Imagine you have a spade and expect your garden to grow just because it’s there. It’s the same with mobile apps—that’s a tool you need to use correctly to reap benefits. According to statistics, 25 percent of people have at least one restaurant app on their smartphone, which means 1 out of 4 are ready to communicate with a restaurant through an app. So, here we list several things you could do to bring your app closer to the visitors:
If you ask us, we consider employees to be the fastest and most efficient channel to tell the customers about your mobile app. That is why training is essentially important (it has always been). Write scripts on how, when, and whom to offer the app. The employee needs to know how to install the app, what kind of issues may arise during the process, and, last but not least, why the visitor needs to install the app (as long as you know the possible motivations things get much easier).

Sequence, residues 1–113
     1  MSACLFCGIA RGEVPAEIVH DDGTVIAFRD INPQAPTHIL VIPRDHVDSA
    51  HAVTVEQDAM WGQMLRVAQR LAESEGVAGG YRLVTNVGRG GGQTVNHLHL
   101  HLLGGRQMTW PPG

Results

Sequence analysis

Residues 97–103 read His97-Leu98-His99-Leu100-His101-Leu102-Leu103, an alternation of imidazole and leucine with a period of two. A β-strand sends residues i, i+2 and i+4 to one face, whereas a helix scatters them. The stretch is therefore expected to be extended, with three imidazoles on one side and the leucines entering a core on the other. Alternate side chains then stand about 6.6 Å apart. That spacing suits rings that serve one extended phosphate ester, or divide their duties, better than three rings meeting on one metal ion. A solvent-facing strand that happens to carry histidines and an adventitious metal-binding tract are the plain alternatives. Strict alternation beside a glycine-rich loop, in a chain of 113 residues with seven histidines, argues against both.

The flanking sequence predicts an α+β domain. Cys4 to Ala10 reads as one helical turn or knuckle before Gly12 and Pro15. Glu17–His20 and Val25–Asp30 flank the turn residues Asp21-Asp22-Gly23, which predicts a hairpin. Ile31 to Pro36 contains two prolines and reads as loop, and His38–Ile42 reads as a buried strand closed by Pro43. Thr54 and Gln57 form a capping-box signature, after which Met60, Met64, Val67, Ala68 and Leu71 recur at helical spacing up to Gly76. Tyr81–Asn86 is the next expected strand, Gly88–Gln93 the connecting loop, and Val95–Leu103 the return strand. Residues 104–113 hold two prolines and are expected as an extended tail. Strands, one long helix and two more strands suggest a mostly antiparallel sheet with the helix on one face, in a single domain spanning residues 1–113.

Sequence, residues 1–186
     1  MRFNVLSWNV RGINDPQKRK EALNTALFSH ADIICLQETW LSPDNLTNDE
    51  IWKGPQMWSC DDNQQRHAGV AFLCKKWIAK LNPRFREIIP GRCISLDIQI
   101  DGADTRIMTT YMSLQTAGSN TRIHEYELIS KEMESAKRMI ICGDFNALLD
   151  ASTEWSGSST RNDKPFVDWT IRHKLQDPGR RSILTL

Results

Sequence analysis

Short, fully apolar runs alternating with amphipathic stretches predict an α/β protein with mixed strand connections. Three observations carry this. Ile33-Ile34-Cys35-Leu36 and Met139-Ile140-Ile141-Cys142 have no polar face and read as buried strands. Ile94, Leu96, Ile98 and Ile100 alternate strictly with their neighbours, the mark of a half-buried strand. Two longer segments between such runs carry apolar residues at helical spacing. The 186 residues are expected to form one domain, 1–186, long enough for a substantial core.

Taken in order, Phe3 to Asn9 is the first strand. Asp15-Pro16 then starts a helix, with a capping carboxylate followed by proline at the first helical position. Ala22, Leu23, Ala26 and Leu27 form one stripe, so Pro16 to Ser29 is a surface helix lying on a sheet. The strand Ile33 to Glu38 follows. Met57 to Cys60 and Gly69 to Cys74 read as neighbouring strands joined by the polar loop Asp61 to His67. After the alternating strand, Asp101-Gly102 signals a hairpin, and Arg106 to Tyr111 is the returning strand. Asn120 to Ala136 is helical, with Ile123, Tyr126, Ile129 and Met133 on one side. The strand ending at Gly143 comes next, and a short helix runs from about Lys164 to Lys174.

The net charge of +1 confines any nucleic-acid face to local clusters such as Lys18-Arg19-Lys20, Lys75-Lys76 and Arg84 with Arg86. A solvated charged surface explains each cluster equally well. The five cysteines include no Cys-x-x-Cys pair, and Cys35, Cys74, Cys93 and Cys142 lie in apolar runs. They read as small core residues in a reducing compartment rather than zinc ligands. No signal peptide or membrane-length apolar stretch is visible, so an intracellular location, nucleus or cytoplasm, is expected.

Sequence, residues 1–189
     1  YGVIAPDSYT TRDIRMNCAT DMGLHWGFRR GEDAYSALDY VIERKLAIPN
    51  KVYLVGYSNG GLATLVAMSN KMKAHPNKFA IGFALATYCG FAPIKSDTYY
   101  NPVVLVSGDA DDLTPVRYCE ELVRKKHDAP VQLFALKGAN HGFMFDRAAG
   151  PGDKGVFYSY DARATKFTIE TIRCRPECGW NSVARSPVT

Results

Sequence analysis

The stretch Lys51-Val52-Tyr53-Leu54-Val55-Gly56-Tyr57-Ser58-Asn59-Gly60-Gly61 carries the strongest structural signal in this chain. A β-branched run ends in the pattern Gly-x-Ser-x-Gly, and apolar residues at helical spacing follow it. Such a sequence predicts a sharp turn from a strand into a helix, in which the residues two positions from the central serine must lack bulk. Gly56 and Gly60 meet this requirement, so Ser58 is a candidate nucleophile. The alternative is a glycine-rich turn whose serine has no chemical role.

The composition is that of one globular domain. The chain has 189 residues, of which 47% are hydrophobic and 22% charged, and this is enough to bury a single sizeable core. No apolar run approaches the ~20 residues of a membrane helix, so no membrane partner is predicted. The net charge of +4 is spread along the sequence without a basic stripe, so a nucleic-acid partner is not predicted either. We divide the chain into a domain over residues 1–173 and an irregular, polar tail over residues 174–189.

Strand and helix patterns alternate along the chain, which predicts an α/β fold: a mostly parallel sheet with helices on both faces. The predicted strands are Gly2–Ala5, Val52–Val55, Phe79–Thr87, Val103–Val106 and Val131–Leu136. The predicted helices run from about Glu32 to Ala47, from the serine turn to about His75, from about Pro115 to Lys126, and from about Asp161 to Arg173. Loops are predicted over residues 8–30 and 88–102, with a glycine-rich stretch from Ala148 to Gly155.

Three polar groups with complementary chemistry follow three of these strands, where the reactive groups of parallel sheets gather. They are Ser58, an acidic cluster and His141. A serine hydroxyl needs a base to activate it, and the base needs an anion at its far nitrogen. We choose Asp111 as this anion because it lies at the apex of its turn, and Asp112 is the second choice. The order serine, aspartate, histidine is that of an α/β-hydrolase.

It’s almost the same as with in-store employees. Scripts will not be out of place. And additional loyalty points for installing the app and ordering with it, too.
The food package is not only about delivering food in proper condition to the customer’s table. You can use it to pitch the things you need. And if your mobile app downloads are not going up, “App Store” and “Google Play” logos on the package cover may come in handy.
It’s the same as with the delivery package—use your tables for pitching. But do that wisely with neat and well-designed table-tents. Doubled with a promotion, information about the app can potentially be interesting to your clients.
Make it part of your web and social media strategy to remind users about the mobile app you have and the loyalty points they can get for using it. Make special promotions and contests for users that haven’t installed the apps yet.